Several folks have asked me to help them get or make some of the scissor charms my adorable sister made back in March. My Sis says she’s got too many other projects going and I’m afraid my craftsmanship isn’t worth the postage to ship them. Still, I’ll take a stab at it showing you how, but only because I like you.
These charms are really easy once you’ve mastered wire wrapping. (Sounds like a CIA or hip-hop skill doesn’t it?) Most bead stores offer classes, and that truly would be the best way to learn so you can learn the art to twisting the wire for beautiful jewelry. I started to put together a wire-wrap tutorial for you, but it requires some really close-up photos. Every time I’d get close enough for you to see the details, I’d get either fuzzy shots or these really pudgy hands – yuch. So, I did my usually thorough web browsing research and found a tutorial that best matches the way I learned wire wrapping at Austin’s Nomadic Notions. Click here for The Bead Shop’s wire wrapped loops tutorial.
- Round nose pliers. Stampin’ Up’s tool kit includes bottle nose pliers which will work in a pinch.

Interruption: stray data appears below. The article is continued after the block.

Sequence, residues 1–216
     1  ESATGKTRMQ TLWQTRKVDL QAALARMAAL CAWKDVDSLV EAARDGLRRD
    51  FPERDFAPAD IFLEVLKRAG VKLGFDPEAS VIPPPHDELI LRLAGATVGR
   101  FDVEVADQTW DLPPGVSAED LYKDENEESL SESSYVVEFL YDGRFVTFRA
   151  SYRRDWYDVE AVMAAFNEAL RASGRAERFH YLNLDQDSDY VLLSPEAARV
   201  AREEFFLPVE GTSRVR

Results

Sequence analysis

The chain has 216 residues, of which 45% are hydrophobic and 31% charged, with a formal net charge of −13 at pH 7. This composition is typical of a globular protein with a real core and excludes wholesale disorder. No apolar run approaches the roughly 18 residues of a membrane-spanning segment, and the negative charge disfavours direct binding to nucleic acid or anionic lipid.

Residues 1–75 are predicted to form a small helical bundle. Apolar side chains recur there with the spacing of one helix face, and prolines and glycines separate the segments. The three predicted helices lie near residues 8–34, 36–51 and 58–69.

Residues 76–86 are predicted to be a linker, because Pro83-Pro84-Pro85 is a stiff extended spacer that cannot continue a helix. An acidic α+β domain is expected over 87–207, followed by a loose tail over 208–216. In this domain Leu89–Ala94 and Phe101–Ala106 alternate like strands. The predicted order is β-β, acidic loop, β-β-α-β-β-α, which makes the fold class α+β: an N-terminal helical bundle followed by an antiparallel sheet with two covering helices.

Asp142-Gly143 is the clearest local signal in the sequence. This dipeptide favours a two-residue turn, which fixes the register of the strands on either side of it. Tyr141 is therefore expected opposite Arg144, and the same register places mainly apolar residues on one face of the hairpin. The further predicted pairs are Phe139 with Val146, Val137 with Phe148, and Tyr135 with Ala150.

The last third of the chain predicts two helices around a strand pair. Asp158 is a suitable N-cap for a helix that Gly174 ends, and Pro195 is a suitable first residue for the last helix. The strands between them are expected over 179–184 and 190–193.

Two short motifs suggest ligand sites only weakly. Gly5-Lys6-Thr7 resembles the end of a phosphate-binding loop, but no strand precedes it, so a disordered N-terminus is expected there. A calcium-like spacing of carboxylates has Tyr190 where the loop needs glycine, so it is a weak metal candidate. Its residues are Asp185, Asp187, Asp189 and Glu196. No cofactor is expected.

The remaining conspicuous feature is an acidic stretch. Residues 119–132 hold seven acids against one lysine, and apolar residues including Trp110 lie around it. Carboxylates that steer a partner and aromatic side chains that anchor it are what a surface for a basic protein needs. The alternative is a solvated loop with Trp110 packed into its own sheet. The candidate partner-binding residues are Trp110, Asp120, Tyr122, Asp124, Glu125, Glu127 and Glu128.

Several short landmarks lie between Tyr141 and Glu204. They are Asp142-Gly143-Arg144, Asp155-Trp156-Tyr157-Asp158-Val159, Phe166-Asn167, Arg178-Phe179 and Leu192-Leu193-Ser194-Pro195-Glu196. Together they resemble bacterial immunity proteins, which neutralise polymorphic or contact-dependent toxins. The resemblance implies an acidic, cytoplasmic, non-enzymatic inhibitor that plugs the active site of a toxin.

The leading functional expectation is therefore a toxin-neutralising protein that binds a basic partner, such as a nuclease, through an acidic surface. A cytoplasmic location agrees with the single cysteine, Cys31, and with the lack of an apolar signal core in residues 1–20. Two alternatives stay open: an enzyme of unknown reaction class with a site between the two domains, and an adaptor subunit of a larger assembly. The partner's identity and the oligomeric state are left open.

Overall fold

- Needle nose pliers.
- Wire cutters. Our craft scissors will work for cutting wire, but a flush, jeweler’s wire cutter will give you a closer cut for your final trim.
- 24 to 26-gauge wire. Stampin’ Up! Metallic Metal Works 26 gauge silver wire works beautifully. Just remember, when you’re measuring wire, the smaller the number, the thicker the wire. (It’s like Nurse’s syringe needles, you’d much rather have a shot with a 26 gauge needle than an 18 gauge needle.)
- Decorative beads.
- A shrinky-dink charm. I made my two charms with the Love It and Measure of a Life stamp sets. (Let me know if you want some advice on making Shrinky-dink embellishments, it’s a lot of fun.)
- Either a really big clasp or one that opens out. If it opens inward you may not be able to get it onto your scissors.
Make your first loop to include the clasp, wrap the wire below the loop and trim off the excess (being careful to point down as you trim so your wire doesn’t going flying into parts unknown).
String your decorative beads below the clasp and make your second loop to include the charm.
String on the charm and finish wrapping the wire above this loop. Clip the extra end of the wire, and your bling is ready to swing. Just be sure to point the wire down as you trim because the clipped wire has the bad habit of flying up and over, potentially causing bodily harm.
This is a really over-simplified list of instructions, but the nice thing about jewelry charms is, while they make great little gifts, they are really just for fun. Enjoy your swinging bling!